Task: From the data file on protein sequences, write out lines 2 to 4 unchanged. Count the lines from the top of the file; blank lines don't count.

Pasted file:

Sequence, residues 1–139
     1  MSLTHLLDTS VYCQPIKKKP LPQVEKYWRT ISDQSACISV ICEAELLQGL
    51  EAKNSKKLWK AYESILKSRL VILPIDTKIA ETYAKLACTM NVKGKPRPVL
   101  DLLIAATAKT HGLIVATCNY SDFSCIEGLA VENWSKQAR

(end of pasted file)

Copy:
     1  MSLTHLLDTS VYCQPIKKKP LPQVEKYWRT ISDQSACISV ICEAELLQGL
    51  EAKNSKKLWK AYESILKSRL VILPIDTKIA ETYAKLACTM NVKGKPRPVL
   101  DLLIAATAKT HGLIVATCNY SDFSCIEGLA VENWSKQAR